South East Europe has “vast technical renewable energy potential” of 740 gigawatts (billion watts), and about 127 GW of that potential is cost-competitive today, according to a report released by the International Renewable Energy Agency (IRENA) ahead of its annual assembly this week in Abu Dhabi.
“The report says this figure could rise further, to above 290 GW, if more favourable cost of capital is considered for the region,” Thomson Reuters’ Zawya news service notes.
“Harnessing these resources will result in affordable energy, job creation, improved air quality, and a means to meet international commitments,” said IRENA Director-General Adnan Amin. “Solar and wind energy are now viable power supply options and the region is well poised, to further scale up its power systems sustainably.”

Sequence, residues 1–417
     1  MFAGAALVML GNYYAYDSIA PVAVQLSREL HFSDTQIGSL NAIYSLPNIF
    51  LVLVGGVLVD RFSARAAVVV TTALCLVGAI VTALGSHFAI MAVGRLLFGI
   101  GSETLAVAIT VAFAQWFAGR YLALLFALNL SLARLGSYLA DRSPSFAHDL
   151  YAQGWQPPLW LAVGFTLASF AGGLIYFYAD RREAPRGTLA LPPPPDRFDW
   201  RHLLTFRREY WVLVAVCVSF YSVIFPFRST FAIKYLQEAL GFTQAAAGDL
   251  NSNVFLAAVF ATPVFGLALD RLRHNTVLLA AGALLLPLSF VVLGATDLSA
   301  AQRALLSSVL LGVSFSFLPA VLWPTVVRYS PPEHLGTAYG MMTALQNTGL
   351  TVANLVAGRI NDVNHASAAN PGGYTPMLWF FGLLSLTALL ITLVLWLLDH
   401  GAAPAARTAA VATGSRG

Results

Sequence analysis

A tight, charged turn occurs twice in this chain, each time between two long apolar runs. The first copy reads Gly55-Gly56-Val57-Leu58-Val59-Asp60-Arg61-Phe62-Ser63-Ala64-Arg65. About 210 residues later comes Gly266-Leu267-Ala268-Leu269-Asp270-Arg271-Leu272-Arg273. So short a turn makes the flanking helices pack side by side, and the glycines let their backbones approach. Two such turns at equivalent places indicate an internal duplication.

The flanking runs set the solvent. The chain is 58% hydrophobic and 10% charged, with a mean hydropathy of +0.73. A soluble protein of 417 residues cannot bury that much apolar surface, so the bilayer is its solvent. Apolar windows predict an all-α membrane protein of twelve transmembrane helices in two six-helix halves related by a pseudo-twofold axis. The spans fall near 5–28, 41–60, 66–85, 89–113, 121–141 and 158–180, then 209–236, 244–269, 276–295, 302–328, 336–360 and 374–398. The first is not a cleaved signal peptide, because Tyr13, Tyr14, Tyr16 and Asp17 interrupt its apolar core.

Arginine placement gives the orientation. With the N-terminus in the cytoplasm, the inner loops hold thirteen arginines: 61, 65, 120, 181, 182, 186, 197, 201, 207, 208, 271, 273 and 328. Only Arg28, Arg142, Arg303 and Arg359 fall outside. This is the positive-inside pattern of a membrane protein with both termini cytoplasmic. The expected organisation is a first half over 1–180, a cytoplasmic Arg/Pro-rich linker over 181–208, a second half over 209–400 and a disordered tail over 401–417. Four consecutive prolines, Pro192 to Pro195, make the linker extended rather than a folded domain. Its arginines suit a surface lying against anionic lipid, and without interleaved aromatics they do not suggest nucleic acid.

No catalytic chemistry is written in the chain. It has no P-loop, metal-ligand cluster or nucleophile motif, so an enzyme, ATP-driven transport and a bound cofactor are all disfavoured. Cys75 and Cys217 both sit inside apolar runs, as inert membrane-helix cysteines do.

The report was released at a high-level meeting of South East European countries, where Amin committed to “continue supporting governments across SEE to harness untapped renewable energy potential and accelerate their deployment.”
In the meeting communiqué, the governments of Albania, Bosnia and Herzegovina, Croatia, Montenegro, the Republic of Moldova, Romania, and Serbia committed to accelerate renewable energy development and tackle the barriers to faster deployment.
“They noted that increasing deployment and continued technological innovation have led to sharp cost reductions and improved cost-effectiveness, particularly for solar photovoltaic and wind energy,” the communiqué states. “They also recognized the broader macroeconomic impact of renewable energy deployment, along with notable socio-economic benefits, such as creating employment, developing local manufacturing capacity, avoiding health and environmental costs, and addressing climate change.”
The governments agreed to step up mapping of solar and wind resources, conduct market analysis for faster deployment, raise awareness of the socio-economic benefits of renewable energy, support an ongoing transition to market-based support schemes, develop technical, regulatory, and operational capacity to integrate renewables with grid operations, and facilitate projects’ access to financing.